Early season onion weed control

Time to begin post-emergence weed control applications in onions in Michigan.

All onions in Michigan have been planted and most of them are in the flag to two leaf stage. The cool and damp weather has allowed proliferation of many weeds, including yellow rocket, shepherdspurse, ladysthumb (smartweed), horseweed (marestail) and common chickweed, among others. All of these early emerging weeds can cause serious crop competition and onion yield reduction if they are not controlled. They are easiest to control in the cotyledon to two leaf stage.

As of 2014, Michigan has a 24c state label for use of GoalTender at the onion one true leaf stage. The first leaf to emerge is the cotyledon (seed leaf), which emerges as a loop, then becomes a flag leaf, then straightens out to be the seed leaf. The seed leaf is always recognizable by the small bump on one side, which was the point of the loop as it emerged. The first true leaf is the next leaf to emerge. When the first true leaf is 3 inches tall and the second true leaf is visible, the onions may be sprayed with GoalTender at up to 6 fluid ounces per acre (0.188 pounds active ingredient, or a.i.).

To be safe, use a maximum of 4 fluid ounces (0.125 pounds a.i.) at the first application. Onions have been very tolerant to GoalTender at this stage, and the herbicide will kill most emerged broadleaves at this rate. When the onions have two extended true leaves 3-5 inches tall, they can be treated with GoalTender again. Apply when temperatures are above 50 degrees Fahrenheit. The total amount of GoalTender allowed per year is 16 fluid ounces (1 pint) of product, which is 0.5 pounds a.i. with a 45-day pre-harvest interval.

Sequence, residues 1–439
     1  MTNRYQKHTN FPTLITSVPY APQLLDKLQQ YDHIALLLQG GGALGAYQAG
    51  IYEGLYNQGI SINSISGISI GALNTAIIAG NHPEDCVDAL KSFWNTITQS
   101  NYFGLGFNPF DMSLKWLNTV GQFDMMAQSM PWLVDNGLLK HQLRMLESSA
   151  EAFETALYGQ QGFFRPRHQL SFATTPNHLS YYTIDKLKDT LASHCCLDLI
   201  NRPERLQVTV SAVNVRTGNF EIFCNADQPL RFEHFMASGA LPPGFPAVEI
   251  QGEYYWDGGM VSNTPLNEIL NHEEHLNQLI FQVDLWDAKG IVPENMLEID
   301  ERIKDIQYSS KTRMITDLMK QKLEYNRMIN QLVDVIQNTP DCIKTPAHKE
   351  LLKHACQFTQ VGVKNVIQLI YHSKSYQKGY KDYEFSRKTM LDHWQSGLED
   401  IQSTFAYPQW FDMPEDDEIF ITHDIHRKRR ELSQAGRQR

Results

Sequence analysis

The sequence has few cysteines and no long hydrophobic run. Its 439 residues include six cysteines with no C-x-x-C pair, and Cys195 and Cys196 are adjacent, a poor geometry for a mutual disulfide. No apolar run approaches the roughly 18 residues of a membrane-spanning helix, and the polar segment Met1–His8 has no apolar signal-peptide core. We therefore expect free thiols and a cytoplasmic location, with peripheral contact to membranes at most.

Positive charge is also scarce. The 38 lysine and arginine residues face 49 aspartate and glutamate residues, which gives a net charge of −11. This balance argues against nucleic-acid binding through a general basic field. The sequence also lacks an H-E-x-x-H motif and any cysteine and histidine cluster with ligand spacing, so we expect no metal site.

GoalTender may be applied with a post-emergence grass herbicide (Fusilade, Poast or Select Max) to kill inter-planted barley. If tank-mixing the products, do not include an adjuvant to avoid crop injury. It normally is a better practice to apply the grass herbicide plus an adjuvant first, and then apply the GoalTender a couple of days later. Applying during sunny, warm weather increases onion crop tolerance to GoalTender 

If these early weeds are not controlled soon, some may survive the early applications and will need to be treated again later or removed by hand. Normally, weed pressure causes more yield reduction than slight herbicide burn. Subsequent pre-emergence herbicide treatments may include Chateau at the onion three leaf stage, which also adds some post-emergence activity against emerged early-season weeds.

For more information on the 24c label for use of GoalTender, see “GoalTender 4SC labeled for onions at one leaf stage” by Michigan State University Extension.

Dr. Zandstra’s work is funded in part by MSU’s AgBioResearch.

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